Monday, September 12, 2011

TIFF HIGHLIGHT #1: MELANCHOLIA (Lars Von Trier's 'Armageddon')

Starting off this years Toronto International film festival (for me, at least) was Lars Von Trier's latest; 'Melancholia'. After watching the film and then sleeping on it for a night i realized that i actually do like it (something i wasn't sure of on Thursday when the credits rolled). My favorite thing about 'Melancholia' is that this may be the first film Von Trier has directed since 'Dancer In The Dark' (11 years ago) that wasn't made strictly to piss people off or to push buttons. With 'Dogville' (2003) he set out to piss off Americans. In Manderlay (2005) he set out to piss off white Americans (and ended up pissing them off as well as black people). 'The Boss Of It All' (2007) felt like we'd all been "had" and 'Antichrist' (2009) pissed just about EVERYONE off.
In 'Melancholia', the story of 2 sisters (Kirsten Dunst & Charlotte Gainsbourg) trying to mend their relationship with each other and battle depression before the "end of the world" (a planet known as "melancholia" is headed towards earth to destroy it), it seemed like Von Trier simply set out to make a great film. And for the most part he did. Von Trier didn't go too deep in to Dunst & Gainsbourg's history as sisters or why Dunst is so depressed and unstable, but in the opening wedding sequence when we're introduced to their family (specifically their mother played by Charlotte Rampling) we see why they have so many issues. Through out the film the sisters' roles with each other switch. In the first half, Dunst becomes depressed to the point where she can barely move and its her older sister (Gainsbourg) taking care of her. But by the end of the film, fear takes over Gainsbourg (due to planet earth's inevitable destruction) and its Dunst who takes control.
'Melancholia' DID have a few problems (that some of you may not even find as troublesome as i did).
Lars throws his depression all in our faces (mainly through Kirsten Dunst's character) to the point where we almost cant take it anymore. Its SO drab and depressing at times (although Udo Kier's presences is a great comic relief). When you look at it one way, i guess Von Trier succeeded (i mean, the title of the film IS 'Melancholia'). Its a movie about the end of the world. But the problem is that not everyone wants to sit through a film that's SO depressing and draining. So beware. Also, some of you may find parts of the film a bit boring.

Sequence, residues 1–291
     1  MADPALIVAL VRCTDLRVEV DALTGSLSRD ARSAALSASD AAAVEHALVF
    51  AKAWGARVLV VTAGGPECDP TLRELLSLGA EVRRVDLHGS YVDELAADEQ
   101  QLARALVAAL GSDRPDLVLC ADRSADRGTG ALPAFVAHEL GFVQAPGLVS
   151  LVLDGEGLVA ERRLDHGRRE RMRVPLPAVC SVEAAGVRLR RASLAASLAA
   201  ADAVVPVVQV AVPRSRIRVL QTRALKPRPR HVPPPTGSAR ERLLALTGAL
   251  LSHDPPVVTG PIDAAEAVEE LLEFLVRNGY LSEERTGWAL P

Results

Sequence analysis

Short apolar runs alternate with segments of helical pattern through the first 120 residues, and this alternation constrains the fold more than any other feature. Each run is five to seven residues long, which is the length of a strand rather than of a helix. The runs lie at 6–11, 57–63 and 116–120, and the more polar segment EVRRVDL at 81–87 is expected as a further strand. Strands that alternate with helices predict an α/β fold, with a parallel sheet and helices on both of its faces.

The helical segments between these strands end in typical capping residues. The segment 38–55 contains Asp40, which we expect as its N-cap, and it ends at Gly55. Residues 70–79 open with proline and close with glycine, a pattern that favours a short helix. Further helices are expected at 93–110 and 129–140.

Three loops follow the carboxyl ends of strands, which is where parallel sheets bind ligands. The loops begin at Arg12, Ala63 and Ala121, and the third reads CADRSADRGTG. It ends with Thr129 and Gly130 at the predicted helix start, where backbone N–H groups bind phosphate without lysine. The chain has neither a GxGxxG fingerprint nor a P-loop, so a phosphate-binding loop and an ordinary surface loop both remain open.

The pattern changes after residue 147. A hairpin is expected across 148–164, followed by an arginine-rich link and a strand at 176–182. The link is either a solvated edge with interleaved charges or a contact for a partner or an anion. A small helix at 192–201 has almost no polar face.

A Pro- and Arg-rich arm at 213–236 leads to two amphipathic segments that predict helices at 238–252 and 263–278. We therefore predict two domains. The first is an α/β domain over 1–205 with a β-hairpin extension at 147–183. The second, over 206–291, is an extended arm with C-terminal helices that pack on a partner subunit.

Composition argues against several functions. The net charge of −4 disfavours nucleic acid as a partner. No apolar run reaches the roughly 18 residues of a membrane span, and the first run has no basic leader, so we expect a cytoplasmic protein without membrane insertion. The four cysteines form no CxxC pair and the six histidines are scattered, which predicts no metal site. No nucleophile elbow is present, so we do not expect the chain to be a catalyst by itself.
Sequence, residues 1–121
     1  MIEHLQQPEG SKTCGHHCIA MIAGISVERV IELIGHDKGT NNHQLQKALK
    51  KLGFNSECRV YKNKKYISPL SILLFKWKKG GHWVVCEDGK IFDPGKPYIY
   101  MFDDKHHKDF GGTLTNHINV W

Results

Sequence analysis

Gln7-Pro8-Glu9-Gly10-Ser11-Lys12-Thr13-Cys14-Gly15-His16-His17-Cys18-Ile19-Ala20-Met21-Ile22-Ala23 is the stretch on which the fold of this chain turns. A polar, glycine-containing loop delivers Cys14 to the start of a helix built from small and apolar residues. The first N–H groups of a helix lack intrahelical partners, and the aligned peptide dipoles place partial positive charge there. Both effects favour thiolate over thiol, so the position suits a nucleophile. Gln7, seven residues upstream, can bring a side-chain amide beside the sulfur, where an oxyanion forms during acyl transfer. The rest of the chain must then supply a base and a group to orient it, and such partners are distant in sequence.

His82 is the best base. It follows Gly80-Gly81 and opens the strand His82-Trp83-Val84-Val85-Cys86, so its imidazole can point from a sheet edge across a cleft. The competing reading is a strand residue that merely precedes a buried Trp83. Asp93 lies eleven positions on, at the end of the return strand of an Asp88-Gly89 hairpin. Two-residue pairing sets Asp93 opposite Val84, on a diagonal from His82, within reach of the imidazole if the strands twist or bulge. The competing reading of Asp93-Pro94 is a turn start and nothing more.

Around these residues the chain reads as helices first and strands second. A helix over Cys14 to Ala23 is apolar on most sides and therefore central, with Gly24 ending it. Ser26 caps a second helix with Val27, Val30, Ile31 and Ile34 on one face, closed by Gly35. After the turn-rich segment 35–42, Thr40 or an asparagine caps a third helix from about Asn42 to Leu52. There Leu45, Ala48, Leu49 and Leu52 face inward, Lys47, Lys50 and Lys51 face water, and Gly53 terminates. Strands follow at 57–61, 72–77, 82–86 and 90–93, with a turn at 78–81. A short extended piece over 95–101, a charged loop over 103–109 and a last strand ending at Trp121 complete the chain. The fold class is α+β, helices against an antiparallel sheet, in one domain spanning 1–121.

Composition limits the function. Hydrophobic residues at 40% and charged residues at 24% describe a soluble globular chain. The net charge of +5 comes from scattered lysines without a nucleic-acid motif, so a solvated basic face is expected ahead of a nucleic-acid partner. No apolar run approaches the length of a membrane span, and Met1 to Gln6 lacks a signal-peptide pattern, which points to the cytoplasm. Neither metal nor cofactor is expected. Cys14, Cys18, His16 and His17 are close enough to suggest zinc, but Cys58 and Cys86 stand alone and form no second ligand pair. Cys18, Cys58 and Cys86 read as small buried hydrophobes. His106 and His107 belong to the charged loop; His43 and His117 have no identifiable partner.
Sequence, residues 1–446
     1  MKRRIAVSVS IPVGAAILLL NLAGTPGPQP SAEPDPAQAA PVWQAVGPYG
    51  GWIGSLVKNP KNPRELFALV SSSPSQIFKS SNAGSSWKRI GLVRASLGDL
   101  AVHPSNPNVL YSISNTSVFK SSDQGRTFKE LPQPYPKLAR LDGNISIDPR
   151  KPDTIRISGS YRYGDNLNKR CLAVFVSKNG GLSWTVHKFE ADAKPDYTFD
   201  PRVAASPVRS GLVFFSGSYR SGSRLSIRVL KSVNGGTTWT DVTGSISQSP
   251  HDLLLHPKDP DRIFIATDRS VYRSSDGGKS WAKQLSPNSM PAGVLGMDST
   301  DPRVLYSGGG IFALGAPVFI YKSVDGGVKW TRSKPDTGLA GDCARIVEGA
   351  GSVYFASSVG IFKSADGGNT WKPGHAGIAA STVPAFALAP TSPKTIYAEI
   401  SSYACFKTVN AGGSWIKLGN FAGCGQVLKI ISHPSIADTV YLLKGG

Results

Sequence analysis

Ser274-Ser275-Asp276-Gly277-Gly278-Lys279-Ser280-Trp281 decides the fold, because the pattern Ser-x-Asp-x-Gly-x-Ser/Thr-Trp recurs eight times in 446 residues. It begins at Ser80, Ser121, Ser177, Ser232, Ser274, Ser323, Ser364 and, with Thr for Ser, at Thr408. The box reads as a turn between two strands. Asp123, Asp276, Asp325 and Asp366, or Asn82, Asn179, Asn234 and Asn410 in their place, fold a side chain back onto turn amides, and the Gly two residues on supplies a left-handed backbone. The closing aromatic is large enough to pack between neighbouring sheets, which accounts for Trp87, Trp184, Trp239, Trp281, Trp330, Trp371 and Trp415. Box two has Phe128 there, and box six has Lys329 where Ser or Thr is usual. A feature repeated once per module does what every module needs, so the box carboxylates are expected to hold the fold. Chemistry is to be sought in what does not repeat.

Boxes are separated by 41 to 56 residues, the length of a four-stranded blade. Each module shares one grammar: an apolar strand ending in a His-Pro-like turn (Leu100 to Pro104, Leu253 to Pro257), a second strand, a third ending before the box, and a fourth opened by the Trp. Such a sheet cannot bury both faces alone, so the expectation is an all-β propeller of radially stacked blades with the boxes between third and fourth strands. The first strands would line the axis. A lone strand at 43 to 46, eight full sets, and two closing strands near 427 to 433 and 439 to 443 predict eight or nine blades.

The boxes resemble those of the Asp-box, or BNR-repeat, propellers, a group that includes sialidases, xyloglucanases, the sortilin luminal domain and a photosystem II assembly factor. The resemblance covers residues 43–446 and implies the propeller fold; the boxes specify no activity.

But if you hang in their until the end, everything pays off. In my opinion, the ending of 'Melancholia' is one of the top 3 things Lars Von Trier has ever done. Along with the final sequence, the opening of 'Melancholia' (featuring some very memorable images) and Charlotte Rampling's speech during the wedding were some of my favorite scenes.
Von Trier's last 2 films have a lot more visual effects then his other stuff. In 'Antichrist' we had the talking fox and the ghostly faceless women walking up the hill towards Willem Dafoe at the end. In 'Melancholia' there's even more visual effects.

the planet "melancholia"
the planet "melancholia" next to the moon
scene from the opening sequence where tree branches cling to Dunst
another scene from the opening sequence

Normally Von Trier will throw in a reference to Tarkovsky or Bergman. But in 'Melancholia' it looks like he's referencing shots from his OWN work (specifically 'Antichrist'). Some scenes and shots look identical. There's a scene in 'Melancholia' when Dunst looks directly in to the camera as dead birds are falling from the sky. That shot is directly out of a scene in 'Antichrist' when Willem Dafoe looks in to the camera as acorns fall down in front of him in slow motion. Even the title cards in both films look alike...

Antichrist Opening Credits

Melancholia Opening Credits

Dafoe in 'Antichrist'

similar shot Dunst in 'Melancholia'


similar shot in 'Melancholia'

Outside of Lars's controversial statement at Cannes this year, there was a lot of hype about Kirsten Dunst's award winning performance. I was sceptical, but i have to give her credit now that I've seen it. I seriously thought she was way too fragile to work with a guy like Lars but she did a great job. Other standout performance came from Charlotte Gainsbourg, Charlotte Rampling and surprisingly...Keefer Sutherland (especially during the first half).
Lars Von Trier continues to be more and more destructive with each film. Blowing up a train full of people in 'Europa' wasn't enough for him, so he moved on to murdering an entire village of people in 'Dogville'. Apparently that wasn't enough either, so now he wants to blow earth up. In a way, 'Antichrist' feels like an unofficial prequel to 'Melancholia'. Its almost like the talking fox in 'Antichrist' was warning us of things to come when he delivered the famous line: "chaos reigns". Both films have a bleak outlook on life with depressed characters struggling to find meaning.
It looks like Terrance Malick started the movie year off with a film about creation and Von Trier is gonna end it with a film about total destruction.
A still from the creation scene in 'The Tree Of Life'
The Planet "Melancholia" headed for planet earth
'Another Earth'

Between 'The Tree Of Life', 'Another Earth' and 'Melancholia', planets seem to be the "in" thing in cinema this year.
OK, its been a long day. In addition to 'Melancholia', I also got a chance to see the new George Clooney political thriller 'The Ides Of March' (which you'll be reading about soon), Aki Kaurismaki's 'Le Havre' and Lynne Ramsay's 'We Need To Talk About Kevin'.


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